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The FCC has reworked one of the key requirements it put on Charter’s 2016 merger with Time Warner Cable and Bright House, governing where the massive cable company expands to in the coming years.
Under the original requirement, Charter had to expand its service to 2 million additional households within five years. But half of those households had to already be served by another broadband internet provider, forcing the cable giant to compete.
The commission has now voted to change that qualification. Charter will still have to reach 2 million more households within the next five years, but all 2 million will have to be households getting wired for the first time. Charter actually won’t be allowed to count areas where it’s competing.
Reuters first reported that the change had been approved. An FCC spokesperson confirmed the measure’s adoption in an email to The Verge and said the item should be publicly released soon. Charter did not immediately respond to a request for comment.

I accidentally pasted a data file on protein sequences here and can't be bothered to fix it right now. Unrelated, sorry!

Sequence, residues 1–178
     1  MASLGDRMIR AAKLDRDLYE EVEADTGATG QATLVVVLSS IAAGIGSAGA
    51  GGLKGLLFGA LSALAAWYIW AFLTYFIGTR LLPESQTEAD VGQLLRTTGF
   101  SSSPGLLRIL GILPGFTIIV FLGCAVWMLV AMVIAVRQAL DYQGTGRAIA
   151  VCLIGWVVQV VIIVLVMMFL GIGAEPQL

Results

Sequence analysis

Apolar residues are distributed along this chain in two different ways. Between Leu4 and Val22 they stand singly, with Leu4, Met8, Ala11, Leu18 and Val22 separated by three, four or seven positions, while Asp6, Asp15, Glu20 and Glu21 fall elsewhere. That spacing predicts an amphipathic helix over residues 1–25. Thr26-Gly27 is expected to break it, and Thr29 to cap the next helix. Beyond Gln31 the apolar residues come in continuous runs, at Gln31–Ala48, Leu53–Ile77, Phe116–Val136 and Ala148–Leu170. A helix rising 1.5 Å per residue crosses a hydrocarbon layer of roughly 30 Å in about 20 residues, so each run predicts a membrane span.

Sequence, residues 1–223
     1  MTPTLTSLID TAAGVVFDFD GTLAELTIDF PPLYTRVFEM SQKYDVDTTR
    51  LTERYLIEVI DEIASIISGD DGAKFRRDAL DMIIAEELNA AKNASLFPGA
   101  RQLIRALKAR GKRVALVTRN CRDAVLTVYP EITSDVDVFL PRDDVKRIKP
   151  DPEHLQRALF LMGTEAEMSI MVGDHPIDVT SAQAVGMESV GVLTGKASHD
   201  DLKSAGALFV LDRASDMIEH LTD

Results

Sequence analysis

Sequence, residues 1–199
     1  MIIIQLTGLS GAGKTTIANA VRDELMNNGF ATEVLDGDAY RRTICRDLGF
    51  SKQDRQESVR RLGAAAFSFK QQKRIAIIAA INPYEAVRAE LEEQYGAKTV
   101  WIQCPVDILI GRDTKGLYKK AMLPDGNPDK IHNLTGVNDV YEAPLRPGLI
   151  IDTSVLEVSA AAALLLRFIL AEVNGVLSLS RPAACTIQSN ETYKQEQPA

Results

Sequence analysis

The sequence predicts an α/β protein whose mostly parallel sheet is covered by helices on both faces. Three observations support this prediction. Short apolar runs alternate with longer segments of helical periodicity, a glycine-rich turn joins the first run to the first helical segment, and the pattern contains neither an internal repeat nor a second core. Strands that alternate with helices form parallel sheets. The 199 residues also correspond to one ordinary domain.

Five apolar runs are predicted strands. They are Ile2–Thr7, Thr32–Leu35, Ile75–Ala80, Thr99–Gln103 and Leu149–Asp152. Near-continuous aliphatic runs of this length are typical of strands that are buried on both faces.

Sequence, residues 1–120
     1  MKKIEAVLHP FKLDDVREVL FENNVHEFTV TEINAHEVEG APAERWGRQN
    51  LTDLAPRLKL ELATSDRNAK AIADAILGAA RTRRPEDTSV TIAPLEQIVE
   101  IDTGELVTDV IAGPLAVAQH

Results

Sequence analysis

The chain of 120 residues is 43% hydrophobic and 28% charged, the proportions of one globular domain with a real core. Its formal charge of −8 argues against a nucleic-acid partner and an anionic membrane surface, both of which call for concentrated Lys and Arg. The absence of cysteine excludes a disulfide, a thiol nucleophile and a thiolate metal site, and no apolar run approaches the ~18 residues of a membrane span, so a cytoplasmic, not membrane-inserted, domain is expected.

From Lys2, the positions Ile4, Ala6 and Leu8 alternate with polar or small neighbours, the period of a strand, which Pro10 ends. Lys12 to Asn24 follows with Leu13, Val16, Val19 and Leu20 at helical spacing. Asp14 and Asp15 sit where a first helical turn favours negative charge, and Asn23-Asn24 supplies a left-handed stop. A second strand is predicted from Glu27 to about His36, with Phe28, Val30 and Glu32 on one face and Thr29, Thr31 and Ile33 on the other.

While the change is bad for competition, it isn’t bad on the whole. One of FCC chairman Ajit Pai’s core goals is to expand broadband access to rural areas that still don’t have it; and viewed in that light, changing this requirement makes a lot of sense. Instead of serving a million homes that already have broadband, Charter will end up wiring a million homes that had no high-speed options before.
The downside is that competition in the wired cable market is still embarrassingly poor in the US. Most households only have one option for wired internet provider, which gives cable companies the leeway to charge high prices for speeds slower than what are offered in other countries.
To see how far a little bit of competition can go, you can just look to the rollout of Google Fiber. Even the threat of Fiber’s expansion got AT&T and Comcast to start deploying gigabit internet. That’s likely the reason the commission, during the Obama administration, decided to force Charter into competing.
Cable companies tend to avoid competing with each other whenever possible, which is what’s caused this problem. In fact, it wasn’t strictly Charter pushing to end this requirement — Charter seemed to be trying to find a way to squirm around it. It was smaller cable companies, which complained that Charter would likely end up competing with them and possibly putting them out of business.
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